Signs of Toxic Leadership Part 5: Are Your Employees Scared of You?
Welcome back to this 12-part series about the personas, career roadblocks and blind spots that, when displayed by leaders, result in low morale and bad work environments.
The series about the warning signs of toxic leadership is meant to be personal. It’s for you to work on you. Not everything will be relevant. But something should be. Over 90% of professionals exhibit some of these behaviors and find themselves stalled in their careers at some point. None of us are immune! Follow the entire series to get information about all the personas.
This week: Do you have scared employees?
- Part 1: The Scrambler
- Part 3: The Climber
- Part 4: The One-Hit Wonder
- Part 6: The High & Mighty
- Part 7: The Lone Wolf
- Part 8: The Nuclear Reactor
- Part 9: The Mouse
- Part 10: The Control Freak
- Part 11: The Artful Dodger
- Part 12: The Rebel
Warning Signs of Toxic Leadership: Are You The Intimidator?
You have a strong opinion, and you are good at asserting your position. You’re direct, determined, and swift to take action. You don’t let problems or people get in your way once you’ve got a goal in your sights. You expect people to yield to your authority or your expertise and, if they don’t, too bad.
Whether real or perceived, you may be seen as The Intimidator who:
Plows ahead to get things done without regard for others’ feelings.
Thinks and acts quickly and doesn’t give others a chance to catch up and weigh in. Is not seen as being approachable at work.
Doesn’t filter messages or feedback but is so direct that others are sometimes taken aback.
Shuts down when others disappoint you; lacks empathy for their reactions to you.
Values speed and performance over relationships and connections.
In the past, this has served you well or manifested as a positive when:
Decisive action and swift implementation were necessary.
You needed to proceed with your own agenda despite the impact it might have on others.
You were concerned that others might take advantage of you.
Getting things done was the top priority.
People try hard to please you.
Maybe this persona isn’t who you really are. It’s not who you intend to be. It feels unfair to be labeled this way. Nonetheless, if people see you as The Intimidator, something caused them to see you this way. For your scared employees, this is real.
What Can I Do if I Might Be The Intimidator?
Make sure you don't have a blindspot when it comes to your soft skills or style. Take the free, self-paced course called The Essentials of Personal Effectiveness to build transferable skills and improve the quality of workplace interactions.
If you’re encountering a potential blind spot, feel stalled in your career, or are struggling with interpersonal skills in the workplace, you might benefit from working with a certified executive coach. Most senior-level executives have worked with a professional coach at some point in their career. Check out this Forbes article for more about the benefits of coaching.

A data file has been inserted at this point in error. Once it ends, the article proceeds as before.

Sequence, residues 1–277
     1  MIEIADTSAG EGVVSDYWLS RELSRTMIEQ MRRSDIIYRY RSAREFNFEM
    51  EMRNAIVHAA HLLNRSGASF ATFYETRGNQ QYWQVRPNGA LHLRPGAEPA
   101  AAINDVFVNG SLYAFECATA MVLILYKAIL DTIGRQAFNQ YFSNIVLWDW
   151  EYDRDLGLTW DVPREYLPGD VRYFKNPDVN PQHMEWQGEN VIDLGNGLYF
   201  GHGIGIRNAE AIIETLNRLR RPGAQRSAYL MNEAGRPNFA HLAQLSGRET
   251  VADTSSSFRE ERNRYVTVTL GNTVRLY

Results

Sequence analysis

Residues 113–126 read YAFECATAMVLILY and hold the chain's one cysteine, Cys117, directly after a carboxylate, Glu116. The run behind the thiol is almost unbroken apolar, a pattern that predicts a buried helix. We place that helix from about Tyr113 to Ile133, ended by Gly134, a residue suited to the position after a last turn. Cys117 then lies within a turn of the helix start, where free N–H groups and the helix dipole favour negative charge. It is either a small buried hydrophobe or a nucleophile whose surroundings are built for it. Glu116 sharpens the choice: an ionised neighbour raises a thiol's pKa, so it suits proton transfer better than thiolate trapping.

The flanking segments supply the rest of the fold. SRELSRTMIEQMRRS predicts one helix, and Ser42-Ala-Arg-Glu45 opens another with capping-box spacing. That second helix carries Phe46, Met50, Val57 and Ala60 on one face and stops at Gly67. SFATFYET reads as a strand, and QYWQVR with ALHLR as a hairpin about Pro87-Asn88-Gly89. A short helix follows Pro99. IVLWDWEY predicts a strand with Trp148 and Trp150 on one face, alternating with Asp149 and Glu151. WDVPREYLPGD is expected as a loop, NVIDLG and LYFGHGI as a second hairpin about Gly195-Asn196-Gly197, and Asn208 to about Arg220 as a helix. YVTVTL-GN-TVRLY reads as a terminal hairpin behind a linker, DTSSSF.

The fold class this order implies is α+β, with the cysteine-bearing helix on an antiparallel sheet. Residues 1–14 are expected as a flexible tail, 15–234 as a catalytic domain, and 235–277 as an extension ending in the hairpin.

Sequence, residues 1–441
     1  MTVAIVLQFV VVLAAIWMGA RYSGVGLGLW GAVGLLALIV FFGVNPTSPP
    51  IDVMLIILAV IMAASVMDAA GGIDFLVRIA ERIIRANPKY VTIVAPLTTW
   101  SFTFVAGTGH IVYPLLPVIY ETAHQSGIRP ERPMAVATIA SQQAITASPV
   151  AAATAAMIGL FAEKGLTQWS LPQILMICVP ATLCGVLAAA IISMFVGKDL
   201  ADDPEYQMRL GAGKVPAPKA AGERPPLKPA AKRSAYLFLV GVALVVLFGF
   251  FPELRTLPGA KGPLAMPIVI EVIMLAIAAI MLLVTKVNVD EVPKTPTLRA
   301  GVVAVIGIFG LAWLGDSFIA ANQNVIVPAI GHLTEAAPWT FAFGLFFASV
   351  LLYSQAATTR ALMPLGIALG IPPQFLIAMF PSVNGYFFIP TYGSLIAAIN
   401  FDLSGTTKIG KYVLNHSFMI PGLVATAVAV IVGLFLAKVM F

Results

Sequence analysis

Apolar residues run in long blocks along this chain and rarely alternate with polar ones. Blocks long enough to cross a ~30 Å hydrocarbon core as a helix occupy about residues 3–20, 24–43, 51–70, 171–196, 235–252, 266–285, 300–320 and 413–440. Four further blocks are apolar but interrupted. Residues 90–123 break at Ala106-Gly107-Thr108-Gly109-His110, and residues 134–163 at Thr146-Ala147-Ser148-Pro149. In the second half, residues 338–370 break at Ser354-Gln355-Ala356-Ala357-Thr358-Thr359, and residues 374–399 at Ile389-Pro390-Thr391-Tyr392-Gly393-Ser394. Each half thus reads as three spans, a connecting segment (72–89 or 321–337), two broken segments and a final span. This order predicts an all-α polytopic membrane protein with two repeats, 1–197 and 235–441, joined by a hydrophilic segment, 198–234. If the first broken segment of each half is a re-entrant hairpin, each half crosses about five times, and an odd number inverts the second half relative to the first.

Ultimately, YOU are responsible and YOU are in control of your choices about how to lead and how to interact with others in the workplace. Now that you’ve got awareness, it’s time to take action.
If you are, indeed, The Intimidator, here are some immediate actions you can take to be less intimidating at work:
Take time to evaluate whether your actions are aligned with your intentions.
Avoid dominating conversations or signaling impatience with others who are speaking. This is NOT how to get employees to speak up.
Slow down instead of making hasty judgments about others’ abilities and contributions.
Be more sensitive to how people are reacting as you move fast and become directive.
If you’re wondering whether or not it’s worth it to make these changes, you should know that there is an impact to being perceived as The Intimidator. There’s an impact on people you work with.
There are also consequences for you, including:
The biggest risk you take when you allow Intimidator behaviors to go unchecked is that people will be taken aback by you. They will feel badly because of things you’ve said or done, even if you did not mean to make them feel that way. Sometimes your very direct approach isn’t appreciated or understood by others.
Over time, you may find that people feel you are unpleasable. As a result, they stop trying to please you. They may become disengaged. Some will try to avoid you. It may be difficult for you to sustain workplace relationships. Maybe you’ve given up on them altogether.
You also run the risk of getting limited buy in for your decisions and projects. People will do the work you’ve asked, but they won’t fully support it. They won’t apply additional discretionary effort. Using authority instead of influence often has this unintended consequence.
This choice is yours to stop being intimidating. Choosing to deny, ignore or embrace your Career Roadblock characteristics are all legitimate choices. You don’t have to change a thing.
On the other hand, if these behaviors or perceptions are preventing you from reaching your goals, it’s also a legitimate choice to modify what you’re doing.
Either way, put yourself in control. Be aware of the perception, your choices surrounding that perception, and the impact of being perceived in this way.
How Can I Learn More About This Roadblock (and Others, Too)?
The Intimidator is one of 12 behavior sets that can become career roadblocks. When others are observing the issues with someone who is stuck and has these blind spots, they frequently use terms to describe these roadblocks (e.g. “control freak” or “dinosaur”).
You’ll also get a complete report that describes the career roadblock and offers suggestions for change. It’s all free, a gift from People First Productivity Solutions.
You can learn about all the career roadblocks that lead to toxic leadership by following this blog series.